A stock split is a corporate action in which a company divides its existing shares of a particular face value into multiple shares of reduced face value. Basically, companies choose to split their shares so they can lower the trading price of their stock to a range deemed comfortable by most investors and increase the liquidity of the shares.
A stock split is when a company issues more shares to its current shareholders by lowering the face value of each share at a specified ratio. It means that the number of outstanding shares is increased by dividing the existing shares originally issued to the present shareholders. Though there is an increase in the number of shares, the overall market capitalization of the company and the value of each shareholder’s stake remain the same.
Most investors are more comfortable purchasing, say, 100 shares of Rs.10 as opposed to 10 shares of Rs.100. Thus, when a company's share price has risen substantially, many firms will end up declaring a stock split at some point to reduce the price (and the face value) to a more popular trading price. Although the number of shares outstanding increases during a stock split, the total value of the shares remains the same compared to pre-split amounts, because the split does not increase the market value.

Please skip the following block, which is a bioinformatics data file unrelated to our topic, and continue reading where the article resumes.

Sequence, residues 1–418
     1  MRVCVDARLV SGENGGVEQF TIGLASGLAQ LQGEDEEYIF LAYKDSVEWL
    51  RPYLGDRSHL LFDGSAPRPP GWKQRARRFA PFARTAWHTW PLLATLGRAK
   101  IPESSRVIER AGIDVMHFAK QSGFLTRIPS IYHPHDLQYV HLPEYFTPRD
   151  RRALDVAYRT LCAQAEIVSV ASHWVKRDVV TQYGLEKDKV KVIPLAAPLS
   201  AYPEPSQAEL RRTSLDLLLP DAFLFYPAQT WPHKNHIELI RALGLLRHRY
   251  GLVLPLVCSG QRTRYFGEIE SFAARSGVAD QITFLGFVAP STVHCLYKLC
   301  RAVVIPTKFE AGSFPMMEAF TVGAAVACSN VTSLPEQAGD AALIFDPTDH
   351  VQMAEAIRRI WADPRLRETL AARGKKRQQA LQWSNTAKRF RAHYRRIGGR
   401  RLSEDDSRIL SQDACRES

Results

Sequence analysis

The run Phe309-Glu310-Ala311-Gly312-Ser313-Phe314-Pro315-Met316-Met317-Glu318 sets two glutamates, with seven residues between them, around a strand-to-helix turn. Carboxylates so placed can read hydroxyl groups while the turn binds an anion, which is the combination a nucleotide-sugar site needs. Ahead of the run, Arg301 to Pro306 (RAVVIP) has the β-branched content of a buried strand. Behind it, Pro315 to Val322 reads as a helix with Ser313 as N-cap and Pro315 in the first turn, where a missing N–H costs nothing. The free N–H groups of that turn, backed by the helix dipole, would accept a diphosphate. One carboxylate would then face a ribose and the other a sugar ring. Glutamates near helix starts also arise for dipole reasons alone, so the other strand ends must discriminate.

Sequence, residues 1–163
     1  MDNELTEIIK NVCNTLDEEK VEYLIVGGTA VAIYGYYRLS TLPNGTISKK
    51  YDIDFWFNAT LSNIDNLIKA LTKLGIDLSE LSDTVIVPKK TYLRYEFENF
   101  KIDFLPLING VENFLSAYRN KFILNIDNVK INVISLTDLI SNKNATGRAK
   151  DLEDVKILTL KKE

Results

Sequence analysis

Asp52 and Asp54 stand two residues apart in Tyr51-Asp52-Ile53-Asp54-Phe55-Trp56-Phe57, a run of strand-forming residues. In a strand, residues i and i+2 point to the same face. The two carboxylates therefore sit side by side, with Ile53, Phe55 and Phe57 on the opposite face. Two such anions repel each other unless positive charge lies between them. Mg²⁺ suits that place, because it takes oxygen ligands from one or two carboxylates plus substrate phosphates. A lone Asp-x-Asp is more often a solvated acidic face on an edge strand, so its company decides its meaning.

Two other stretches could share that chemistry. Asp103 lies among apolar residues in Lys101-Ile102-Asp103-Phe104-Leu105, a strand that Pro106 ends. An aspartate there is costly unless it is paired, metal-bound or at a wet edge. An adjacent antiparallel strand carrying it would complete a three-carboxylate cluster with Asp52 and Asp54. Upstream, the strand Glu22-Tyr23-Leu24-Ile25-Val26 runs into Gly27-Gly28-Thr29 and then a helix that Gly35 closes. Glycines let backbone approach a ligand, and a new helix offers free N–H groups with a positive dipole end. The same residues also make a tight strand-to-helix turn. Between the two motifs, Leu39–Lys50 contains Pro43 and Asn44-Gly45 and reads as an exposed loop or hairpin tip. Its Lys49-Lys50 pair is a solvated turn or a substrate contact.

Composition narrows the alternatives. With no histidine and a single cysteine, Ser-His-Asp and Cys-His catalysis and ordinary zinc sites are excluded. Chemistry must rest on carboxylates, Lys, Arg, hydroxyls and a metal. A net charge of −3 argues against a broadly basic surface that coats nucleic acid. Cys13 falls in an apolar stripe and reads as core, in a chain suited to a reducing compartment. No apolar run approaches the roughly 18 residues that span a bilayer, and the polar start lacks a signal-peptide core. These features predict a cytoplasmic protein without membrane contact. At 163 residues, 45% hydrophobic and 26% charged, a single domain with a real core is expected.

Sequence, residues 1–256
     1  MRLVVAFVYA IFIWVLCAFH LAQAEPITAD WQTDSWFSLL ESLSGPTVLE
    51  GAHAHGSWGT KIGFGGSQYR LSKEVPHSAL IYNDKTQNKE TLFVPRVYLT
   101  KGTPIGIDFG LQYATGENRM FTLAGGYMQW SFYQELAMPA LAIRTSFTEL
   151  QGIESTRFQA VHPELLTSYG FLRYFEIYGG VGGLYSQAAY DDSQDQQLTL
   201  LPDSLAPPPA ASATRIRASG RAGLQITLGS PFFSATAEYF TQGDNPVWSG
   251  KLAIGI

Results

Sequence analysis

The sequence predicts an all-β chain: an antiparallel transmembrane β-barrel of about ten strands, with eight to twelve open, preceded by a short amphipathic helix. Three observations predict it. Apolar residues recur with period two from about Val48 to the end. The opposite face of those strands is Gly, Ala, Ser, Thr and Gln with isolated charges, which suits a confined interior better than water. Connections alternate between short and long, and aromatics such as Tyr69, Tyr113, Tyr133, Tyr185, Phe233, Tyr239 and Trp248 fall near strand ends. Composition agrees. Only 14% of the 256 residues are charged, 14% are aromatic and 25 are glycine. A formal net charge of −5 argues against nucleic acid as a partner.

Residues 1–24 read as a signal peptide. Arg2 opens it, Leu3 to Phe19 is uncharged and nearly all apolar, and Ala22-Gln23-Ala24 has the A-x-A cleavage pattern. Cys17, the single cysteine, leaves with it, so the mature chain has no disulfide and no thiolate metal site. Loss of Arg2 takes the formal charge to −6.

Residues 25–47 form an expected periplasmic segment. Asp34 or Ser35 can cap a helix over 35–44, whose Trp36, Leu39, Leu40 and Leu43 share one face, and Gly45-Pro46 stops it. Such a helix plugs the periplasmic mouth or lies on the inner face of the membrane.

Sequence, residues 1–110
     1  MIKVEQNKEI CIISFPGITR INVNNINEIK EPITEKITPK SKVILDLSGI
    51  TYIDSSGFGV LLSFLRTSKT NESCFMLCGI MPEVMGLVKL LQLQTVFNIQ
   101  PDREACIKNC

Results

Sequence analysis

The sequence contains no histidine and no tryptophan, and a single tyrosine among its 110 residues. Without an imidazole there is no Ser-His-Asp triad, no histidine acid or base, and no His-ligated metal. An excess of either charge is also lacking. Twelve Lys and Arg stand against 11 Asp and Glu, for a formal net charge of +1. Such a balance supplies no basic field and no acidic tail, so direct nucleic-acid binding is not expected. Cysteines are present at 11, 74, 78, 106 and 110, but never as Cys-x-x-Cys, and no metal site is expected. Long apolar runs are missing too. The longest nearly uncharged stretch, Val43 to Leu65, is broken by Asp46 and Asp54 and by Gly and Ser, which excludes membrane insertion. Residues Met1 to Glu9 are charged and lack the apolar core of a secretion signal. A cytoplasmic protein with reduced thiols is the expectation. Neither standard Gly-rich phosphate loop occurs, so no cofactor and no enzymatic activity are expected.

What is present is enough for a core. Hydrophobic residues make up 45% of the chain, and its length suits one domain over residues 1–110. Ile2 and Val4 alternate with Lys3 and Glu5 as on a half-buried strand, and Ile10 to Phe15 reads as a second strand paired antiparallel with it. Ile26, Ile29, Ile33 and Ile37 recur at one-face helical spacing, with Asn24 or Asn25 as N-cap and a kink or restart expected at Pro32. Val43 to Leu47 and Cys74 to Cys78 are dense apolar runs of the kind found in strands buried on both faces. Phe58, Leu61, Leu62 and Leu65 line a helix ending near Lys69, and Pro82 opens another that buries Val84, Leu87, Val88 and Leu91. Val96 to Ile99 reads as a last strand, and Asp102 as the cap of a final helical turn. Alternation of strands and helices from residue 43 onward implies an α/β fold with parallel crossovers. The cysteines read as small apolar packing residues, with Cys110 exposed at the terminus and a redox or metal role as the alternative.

When a stock split is implemented, the price of shares adjusts automatically in the markets. A company's board of directors makes the decision to split the stock into any number of ways.
For example, a stock split may be 2-for-1, 3-for-1, 5-for-1, 10-for-1, 100-for-1, etc. A 3-for-1 stock split means that for every one share held by you, there will now be three with one-third the existing face value. In other words, the number of outstanding shares in the market will triple. On the other hand, the price per share after a 3-for-1 stock split will be reduced by dividing the price by three. This way the company's overall value measured by market capitalization would remain the same.